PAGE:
# CSCI 2824 Lecture 19: Properties of Relations

We will now restrict ourselves to relations for a set . Such relations can be viewed as a graph.

## Graphs and Relations

Relations with domain and co-domain as the same set can be viewed as a graph.

Graph

A graph consists of a set of nodes and a relation of edges. Each edge in a graph corresponds to a pair .

It is a common convention to call the set of nodes (rather than ) edge relation (rather than ) if we are talking about a graph. But we will ignore this convention for now.

We will look at two examples of relations and their corresponding graphs.

### Example # 1

Consider the relation over the set of nodes . Its graph is depicted below:

Note that the graph has a node without any links. This is because but there is no tuple involving in the relation that describes the edge set.

Next, note that the edges corresponding to and are called self-loops. The graph of the relation in this example has two self loops, one over and the other over .

### Example # 2

Consider the relation over the set of nodes . Its graph is depicted below:

Note that the arrow from 1 to 2 corresponds to the tuple , whereas the reverse arrow from to corresponds to the tuple .

## Types of Relations

We first study three types of relations: reflexive, symmetric and transitive.

Reflexive Relation

A relation is reflexive iff for all .

From the graph, we note that a relation is reflexive if all nodes in the graph have self-loops

The relation from example #2 above is reflexive whereas the relation from example #1 is not. is missing the self loops from and .

The next concept is that of a symmetric relation.

Symmetric Relation

A relation is symmetric iff for all , .

From its graph, a relation is symmetric if for every “forward” arrow from to , there is also a reverse arrow from to .

The relation from example #2 above is symmetric whereas the relation from example #1 is not. has the edge but not the reverse edge .

Finally, we will talk about transitive relations.

Transitive Relation

A relation is transitive iff for all a,b,c, IF and THEN .

In graph terms, if we start at some node , and using an edge go from to and then from to using another edge, we should also be able to go from to directly using an edge.

The relation from example #2 above is not transitive. It is missing the edges and , that would make it transitive. The relation from example #1 is transitive, on the other hand.

Putting all these together, a relation is an equivalence iff it is reflexive, symmetric and transitive.

We now consider the polar opposite of a reflexive relation, an irreflexive relation:

Irreflexive Relation

A relation is irreflexive iff for all .

For all , we have .

While a reflexive relation has all the self-loops, an irreflexive one has no self-loops.

The relation in example # 1 is not irreflexive since it has self-loops d,d)\$. Removing these from the relations yields us an irreflexive relation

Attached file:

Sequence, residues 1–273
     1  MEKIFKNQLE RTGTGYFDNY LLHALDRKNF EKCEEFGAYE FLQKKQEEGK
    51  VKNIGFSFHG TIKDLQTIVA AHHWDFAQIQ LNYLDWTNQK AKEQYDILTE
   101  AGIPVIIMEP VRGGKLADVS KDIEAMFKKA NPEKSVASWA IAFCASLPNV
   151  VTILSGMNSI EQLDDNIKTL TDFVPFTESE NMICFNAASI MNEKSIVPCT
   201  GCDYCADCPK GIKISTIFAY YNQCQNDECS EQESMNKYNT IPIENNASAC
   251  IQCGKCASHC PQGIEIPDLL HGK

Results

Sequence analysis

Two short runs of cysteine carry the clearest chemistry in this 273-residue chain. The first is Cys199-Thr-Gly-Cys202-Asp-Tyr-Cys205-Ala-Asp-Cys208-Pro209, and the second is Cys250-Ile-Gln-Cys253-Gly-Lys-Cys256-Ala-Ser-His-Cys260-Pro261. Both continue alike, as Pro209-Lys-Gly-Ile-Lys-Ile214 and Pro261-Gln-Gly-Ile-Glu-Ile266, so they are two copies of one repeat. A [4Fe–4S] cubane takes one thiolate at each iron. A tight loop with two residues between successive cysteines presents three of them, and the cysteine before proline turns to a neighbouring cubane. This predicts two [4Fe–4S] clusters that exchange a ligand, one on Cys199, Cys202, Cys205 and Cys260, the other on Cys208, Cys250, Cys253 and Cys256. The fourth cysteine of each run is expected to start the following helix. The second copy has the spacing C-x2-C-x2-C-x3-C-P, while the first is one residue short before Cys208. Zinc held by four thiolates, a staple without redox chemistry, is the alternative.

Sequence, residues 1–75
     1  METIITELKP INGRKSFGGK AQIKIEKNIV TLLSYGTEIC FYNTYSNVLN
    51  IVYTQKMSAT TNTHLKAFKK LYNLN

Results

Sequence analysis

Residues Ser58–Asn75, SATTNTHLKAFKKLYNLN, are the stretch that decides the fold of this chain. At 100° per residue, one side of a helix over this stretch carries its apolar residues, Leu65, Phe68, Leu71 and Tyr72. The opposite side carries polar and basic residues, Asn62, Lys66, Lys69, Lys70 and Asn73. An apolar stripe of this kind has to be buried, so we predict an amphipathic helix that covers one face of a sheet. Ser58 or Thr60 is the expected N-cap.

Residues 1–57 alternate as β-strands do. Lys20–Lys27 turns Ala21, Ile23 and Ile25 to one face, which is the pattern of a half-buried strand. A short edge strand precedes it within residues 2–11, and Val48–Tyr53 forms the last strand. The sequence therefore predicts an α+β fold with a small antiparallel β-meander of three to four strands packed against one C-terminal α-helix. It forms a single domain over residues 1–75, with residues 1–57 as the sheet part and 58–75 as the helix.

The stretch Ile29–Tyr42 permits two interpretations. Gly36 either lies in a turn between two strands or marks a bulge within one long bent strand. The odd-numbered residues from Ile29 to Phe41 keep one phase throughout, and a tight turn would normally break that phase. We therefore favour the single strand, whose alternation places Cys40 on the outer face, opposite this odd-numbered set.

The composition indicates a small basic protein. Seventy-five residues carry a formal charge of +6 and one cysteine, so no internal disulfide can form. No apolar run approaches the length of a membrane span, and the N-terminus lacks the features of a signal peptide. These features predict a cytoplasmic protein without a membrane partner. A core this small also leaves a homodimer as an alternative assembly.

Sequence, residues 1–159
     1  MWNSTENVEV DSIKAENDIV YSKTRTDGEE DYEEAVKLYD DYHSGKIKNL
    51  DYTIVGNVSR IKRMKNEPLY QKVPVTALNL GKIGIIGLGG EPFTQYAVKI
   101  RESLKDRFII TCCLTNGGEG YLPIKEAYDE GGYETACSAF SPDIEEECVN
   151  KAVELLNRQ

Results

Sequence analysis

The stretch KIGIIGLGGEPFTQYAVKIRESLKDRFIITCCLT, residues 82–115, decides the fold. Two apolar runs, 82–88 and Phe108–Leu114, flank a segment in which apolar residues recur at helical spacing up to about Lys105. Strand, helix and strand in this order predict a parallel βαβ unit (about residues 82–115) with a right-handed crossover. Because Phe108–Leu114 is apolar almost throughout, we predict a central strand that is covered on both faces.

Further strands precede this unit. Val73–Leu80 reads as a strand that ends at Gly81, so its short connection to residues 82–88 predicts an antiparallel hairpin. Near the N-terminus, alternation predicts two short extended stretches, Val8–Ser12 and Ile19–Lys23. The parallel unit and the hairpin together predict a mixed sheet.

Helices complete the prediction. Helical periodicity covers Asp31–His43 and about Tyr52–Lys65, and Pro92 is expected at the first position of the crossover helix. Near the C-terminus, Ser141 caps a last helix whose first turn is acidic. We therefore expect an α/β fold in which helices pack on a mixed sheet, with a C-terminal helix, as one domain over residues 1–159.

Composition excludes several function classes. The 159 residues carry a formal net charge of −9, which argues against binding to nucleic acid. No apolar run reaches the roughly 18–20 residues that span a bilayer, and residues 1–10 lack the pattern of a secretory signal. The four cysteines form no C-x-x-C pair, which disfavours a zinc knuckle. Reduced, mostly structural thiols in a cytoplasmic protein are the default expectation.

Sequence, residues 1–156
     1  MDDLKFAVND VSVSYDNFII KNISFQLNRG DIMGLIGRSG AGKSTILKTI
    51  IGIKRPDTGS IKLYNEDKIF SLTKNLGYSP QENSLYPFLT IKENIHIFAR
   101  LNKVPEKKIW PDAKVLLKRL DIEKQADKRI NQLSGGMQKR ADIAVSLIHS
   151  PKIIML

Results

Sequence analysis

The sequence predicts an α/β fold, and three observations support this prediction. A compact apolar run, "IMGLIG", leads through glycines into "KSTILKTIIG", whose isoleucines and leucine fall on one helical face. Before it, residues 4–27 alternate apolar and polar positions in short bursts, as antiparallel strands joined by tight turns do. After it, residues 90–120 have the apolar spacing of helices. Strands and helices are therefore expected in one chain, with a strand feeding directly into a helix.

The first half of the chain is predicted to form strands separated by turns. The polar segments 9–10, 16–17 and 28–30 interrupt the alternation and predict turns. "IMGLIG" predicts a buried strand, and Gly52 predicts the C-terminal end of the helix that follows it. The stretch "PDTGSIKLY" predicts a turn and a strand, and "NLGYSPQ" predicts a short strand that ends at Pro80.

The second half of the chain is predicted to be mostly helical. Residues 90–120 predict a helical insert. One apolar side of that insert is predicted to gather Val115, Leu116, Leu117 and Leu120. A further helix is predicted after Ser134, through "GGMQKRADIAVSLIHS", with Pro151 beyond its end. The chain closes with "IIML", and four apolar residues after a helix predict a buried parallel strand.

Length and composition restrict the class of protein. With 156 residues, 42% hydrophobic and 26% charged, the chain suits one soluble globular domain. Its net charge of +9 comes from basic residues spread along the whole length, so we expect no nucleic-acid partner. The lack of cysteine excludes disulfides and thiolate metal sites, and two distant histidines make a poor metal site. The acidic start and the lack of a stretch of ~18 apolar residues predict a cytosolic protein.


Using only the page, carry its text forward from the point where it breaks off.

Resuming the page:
### Example

Take the set . Give us examples of relations that are

• Reflexive: .

• Irreflexive: . Caution Irreflexive is not the logical negation of reflexive. It is stronger than that.

• Symmetric: .

• Transitive: example in class.

• Equivalence: .

• Equivalence-2: .

What about the empty set as a relation? Is it reflexive? Symmetric? Transitive??

### Example

Conider the standard relation over .

• It is reflexive since for all .

• It is not symmetric: but .

• It is transitive: .

• It is not irreflive since

## Anti-Symmetric Relation

We looked at irreflexive relations as the polar opposite of reflexive (and not just the logical negation). Now we consider a similar concept of anti-symmetric relations.

This is a special property that is not the negation of symmetric.

A relation is anti-symmetric iff whenever and are both in then .

Anti-symmetric is not the opposite of symmetric. A relation can be both symmetric and anti-symmetric:

Another example is the empty set. It is both symmetric and anti-symmetric.

The relation on is anti-symmetric. Whenever and then . In fact, the notion of anti-symmetry is useful to talk about ordering relations such as over sets and over natural numbers.

## Partial Orders

A relation is a partial order iff it is

• reflexive

• transitive

• anti-symmetric.

The easiest way to remember a partial order is to think of the relation over sets. In fact, the partial order definition is an abstraction of the subset relation.

### Example-1

Let us take the words in an english dictionary. The lexicographic ordering (or alphabetic ordering) is a partial order.

### Example-2

Is the order on a partial order? What about the ordering?

### Example-3

Is the relation on a partial order?

### Example-4

Is the empty relation a partial order, in general?

Partial orders can leave elements incomparable. We saw the example with where is incomparable in the ordering to .

A strict partial order is an irreflexive, transitive and anti-symmetric relation. It is inspired by the order between sets which captures the notion of proper subsets.

## Total Order

A total ordering is a partial order that also satisfies the property that there are no incomparable elements.

The definition of a total ordering is inspired by the relation. It is a partial order over but additionally for any either or .

A strict total ordering is a strict partial order that ensures that no two different elements are incomparable.

Strict total orderings are inspired by the relation on .

## More Examples

Let us take an example and study various find of relations. Let us take the set of natural numbers and classify relations over them.

• .

• .

• .

• .

 Relation Reflexive?? Symmetric?? Transitive? Anti-Symmetric? Irreflexive? 1 Y Y Y N N 2 N N N Y N 3 4